My Frugal Frugal Ways

The Addition Diet
January 3, 2008, 11:55 am
Filed under: cooking, diet, food

Most people think of dieting as some sort of deprivation.  Don’t eat this, don’t eat so much of that.  I approach it in a slightly different manner.  I make additions to my daily consumption.

I add lots of water.  It has zero calories.  It fills me up.  My skin loves it.  It helps keep things moving and it does help prevent fiber from bulking up and causing problems.  So, add 8 ounces per day until you’re consuming that 80 ounces or so of water.  Drink a glass 1/2 hour before eating.  Drink a glass when you wake up.  Most definitely consume water before and during exercise.

Add a snack.  That’s right.  I have actually added a snack to my diet.  Around 4:00 p.m. I have an apple with a bit of peanut butter (the kind without any additives) and, you guessed it, a glass of water.  It will spoil my dinner you say.  That’s right.  That’s part of the idea.  Eating a smaller dinner is helpful if you’re attempting to lose weight.  It’s healthier as well since going to bed on a full stomach is not a good idea.

Add some legumes, slowly.  They’re cheap, especially if you buy them dried.  They contain lots of good proteins, vitamins and fiber.  They take a while to digest so you feel satisfied for a longer period of time.  So, today, start your dinner with a nice bowl of lentil soup.

Add vegetables.  If you normally squeeze in one vegetable for dinner, tonight cook two types.  If you’re making soup, throw in one or two more kinds of vegetables than the recipe calls for.

Add fish.  A nice dose of fish for lunch or dinner gives you your Omega-3’s, selenium, antioxidants, and protein.

Add dessert.  No, I don’t mean cheesecake.  I mean a nice healthy bite of fruit.  Slice a peach.  Yum.  The idea is to add so many healthy items into your diet that you no longer have room for high calorie unhealthy choices.


December 17, 2007, 10:32 am
Filed under: diet | Tags: , ,

I just read an article about low cost meals to serve your family. The author acknowledged that they weren’t exactly healthy meals but then went on to say that they weren’t the health police so it didn’t matter. Yipes. Being unhealthy is about the least frugal choice a person can make. Not only is health care expensive, but existing with less than optimum health reduces energy and as well as productivity.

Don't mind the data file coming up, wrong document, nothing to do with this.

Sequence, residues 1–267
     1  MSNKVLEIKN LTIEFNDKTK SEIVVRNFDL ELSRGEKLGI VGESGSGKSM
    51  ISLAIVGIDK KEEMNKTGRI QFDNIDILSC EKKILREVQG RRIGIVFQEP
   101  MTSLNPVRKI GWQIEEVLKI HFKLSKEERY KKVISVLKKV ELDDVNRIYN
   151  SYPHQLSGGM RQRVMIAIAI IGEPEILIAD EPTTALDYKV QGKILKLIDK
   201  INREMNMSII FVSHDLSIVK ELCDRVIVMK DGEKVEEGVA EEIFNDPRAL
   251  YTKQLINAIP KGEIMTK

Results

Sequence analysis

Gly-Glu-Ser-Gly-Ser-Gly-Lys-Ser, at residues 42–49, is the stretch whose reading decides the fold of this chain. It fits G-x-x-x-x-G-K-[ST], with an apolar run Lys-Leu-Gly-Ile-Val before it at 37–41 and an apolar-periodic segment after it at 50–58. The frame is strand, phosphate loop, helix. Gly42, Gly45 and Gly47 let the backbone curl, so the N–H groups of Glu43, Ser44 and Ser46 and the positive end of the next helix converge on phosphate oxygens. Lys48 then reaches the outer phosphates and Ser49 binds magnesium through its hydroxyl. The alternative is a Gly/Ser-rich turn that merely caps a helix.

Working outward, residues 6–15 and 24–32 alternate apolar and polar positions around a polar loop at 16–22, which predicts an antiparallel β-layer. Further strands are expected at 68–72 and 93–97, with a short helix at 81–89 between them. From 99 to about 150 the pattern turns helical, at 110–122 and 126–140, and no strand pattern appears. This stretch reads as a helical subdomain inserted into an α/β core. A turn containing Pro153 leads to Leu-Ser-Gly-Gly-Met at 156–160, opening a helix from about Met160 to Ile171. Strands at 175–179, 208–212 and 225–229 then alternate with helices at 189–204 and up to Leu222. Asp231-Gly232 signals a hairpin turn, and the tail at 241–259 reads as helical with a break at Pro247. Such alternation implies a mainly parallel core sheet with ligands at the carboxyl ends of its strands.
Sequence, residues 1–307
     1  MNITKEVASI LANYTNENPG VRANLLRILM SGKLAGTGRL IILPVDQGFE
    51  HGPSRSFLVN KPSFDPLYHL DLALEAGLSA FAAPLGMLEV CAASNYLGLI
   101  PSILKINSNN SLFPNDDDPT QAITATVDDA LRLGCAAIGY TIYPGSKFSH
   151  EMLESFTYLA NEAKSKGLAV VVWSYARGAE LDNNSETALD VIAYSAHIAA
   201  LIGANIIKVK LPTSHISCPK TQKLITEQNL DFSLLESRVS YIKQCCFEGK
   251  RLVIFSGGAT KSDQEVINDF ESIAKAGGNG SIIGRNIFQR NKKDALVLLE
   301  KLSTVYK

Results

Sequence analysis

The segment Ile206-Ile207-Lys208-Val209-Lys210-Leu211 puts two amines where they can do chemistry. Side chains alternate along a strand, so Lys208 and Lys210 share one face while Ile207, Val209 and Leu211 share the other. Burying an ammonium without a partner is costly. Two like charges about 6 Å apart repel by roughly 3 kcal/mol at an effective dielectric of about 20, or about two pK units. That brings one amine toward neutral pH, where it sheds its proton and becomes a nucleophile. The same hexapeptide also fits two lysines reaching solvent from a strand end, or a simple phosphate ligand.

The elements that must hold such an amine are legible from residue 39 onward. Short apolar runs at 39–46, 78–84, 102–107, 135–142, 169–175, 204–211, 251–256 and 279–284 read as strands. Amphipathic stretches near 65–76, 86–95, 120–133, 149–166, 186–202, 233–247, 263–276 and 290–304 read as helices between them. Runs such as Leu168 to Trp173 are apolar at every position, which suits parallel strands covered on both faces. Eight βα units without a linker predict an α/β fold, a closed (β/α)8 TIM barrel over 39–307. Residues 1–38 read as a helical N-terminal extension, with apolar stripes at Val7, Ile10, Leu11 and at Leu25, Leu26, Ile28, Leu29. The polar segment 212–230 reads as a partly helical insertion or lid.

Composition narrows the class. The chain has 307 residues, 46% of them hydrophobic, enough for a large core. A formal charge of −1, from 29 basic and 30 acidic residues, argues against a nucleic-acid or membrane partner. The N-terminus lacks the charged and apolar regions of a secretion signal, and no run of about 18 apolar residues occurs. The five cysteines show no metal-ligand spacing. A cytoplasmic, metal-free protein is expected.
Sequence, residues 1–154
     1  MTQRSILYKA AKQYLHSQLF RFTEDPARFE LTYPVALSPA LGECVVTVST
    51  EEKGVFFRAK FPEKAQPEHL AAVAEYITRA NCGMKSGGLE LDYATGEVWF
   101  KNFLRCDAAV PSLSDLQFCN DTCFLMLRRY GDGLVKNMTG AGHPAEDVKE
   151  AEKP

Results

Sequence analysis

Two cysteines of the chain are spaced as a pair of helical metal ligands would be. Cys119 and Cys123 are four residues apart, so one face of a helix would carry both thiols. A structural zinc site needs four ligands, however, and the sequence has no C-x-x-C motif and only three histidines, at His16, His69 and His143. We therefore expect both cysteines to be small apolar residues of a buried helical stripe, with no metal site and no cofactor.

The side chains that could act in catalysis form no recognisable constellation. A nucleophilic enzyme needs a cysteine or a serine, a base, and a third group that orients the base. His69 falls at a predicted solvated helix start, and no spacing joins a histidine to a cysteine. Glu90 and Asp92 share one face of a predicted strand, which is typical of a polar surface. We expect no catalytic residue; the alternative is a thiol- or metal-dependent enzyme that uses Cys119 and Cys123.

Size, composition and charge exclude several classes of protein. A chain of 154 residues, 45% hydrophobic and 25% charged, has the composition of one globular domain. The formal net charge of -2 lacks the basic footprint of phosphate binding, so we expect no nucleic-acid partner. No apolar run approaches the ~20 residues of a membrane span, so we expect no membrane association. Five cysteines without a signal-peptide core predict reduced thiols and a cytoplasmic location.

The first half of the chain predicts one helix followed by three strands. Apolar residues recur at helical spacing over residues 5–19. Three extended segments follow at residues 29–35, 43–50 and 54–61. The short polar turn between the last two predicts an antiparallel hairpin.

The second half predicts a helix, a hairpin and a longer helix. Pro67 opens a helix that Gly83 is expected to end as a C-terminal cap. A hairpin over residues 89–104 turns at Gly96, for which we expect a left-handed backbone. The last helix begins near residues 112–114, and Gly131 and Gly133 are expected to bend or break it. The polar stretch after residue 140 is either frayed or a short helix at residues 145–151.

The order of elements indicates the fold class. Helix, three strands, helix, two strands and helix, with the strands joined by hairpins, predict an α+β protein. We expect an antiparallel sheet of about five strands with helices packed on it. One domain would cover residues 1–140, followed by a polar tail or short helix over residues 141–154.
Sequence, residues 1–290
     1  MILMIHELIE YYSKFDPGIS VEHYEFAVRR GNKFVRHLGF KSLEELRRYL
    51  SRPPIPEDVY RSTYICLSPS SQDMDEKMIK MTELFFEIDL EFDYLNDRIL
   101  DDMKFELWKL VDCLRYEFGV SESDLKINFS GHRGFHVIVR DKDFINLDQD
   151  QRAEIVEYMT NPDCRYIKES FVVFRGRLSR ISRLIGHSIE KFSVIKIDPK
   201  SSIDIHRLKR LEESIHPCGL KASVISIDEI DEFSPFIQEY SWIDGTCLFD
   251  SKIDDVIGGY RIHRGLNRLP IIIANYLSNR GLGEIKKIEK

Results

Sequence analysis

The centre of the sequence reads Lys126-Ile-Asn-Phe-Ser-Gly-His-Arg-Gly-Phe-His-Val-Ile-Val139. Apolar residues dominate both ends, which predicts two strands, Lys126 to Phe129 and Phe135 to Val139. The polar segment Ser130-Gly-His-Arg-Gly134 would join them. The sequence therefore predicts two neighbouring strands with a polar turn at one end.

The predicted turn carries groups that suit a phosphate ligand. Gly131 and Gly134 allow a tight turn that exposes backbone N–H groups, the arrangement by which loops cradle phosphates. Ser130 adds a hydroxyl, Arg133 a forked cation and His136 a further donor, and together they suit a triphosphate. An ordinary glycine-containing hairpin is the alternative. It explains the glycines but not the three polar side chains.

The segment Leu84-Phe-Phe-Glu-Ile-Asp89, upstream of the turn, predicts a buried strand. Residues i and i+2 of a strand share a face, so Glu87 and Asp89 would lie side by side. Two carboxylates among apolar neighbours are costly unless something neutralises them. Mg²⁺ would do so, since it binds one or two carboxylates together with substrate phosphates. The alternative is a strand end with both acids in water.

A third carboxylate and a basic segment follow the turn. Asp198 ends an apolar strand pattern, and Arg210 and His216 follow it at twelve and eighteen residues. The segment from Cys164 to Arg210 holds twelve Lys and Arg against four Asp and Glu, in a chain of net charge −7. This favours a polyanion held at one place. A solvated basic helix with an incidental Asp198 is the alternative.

I recently underwent some medical tests which required about 48 hours of liquid only nourishment. Not the most enjoyable experience but, afterwards, I was able to reintroduce foods slowly so that I could determine how individual substances affected my body. Wow. As a result, I am now caffeine, gluten, and refined sugar free. I also know how to balance my meals and snacks so that I don’t end up binging or feeling listless.

I bought one of those 2.2 liter bottles so I can track my water consumption. I take it everywhere to make sure I’m consuming liquid regularly to stay hydrated. Confusing hunger with thirst used to be a big problem for me.

I no longer just grab an apple when I’m hungry. I always combine my fruit snacks with a bit of protein so the fructose doesn’t spike and then drain my blood sugar. I eat more vegetables and fewer fruits than I used to because most vegetables are lower on the glycemic index.

Three months after beginning this healthier way of eating, foods taste completely different. The other day I tried to sample a gluten free waffle with some real syrup on it. Yuck. The syrup tasted like molasses to me. Even baked potato chips are unappealing because of the high salt content. And I don’t go near chocolate. It honestly doesn’t taste good anymore.

Between my new eating habits and my exercise routine, I can actually eat my fill without gaining weight for the first time in my life. As an added bonus, my moods have leveled. I no longer have those moments when everything seems to irritate.

Healthy eating has definitely been a frugal choice.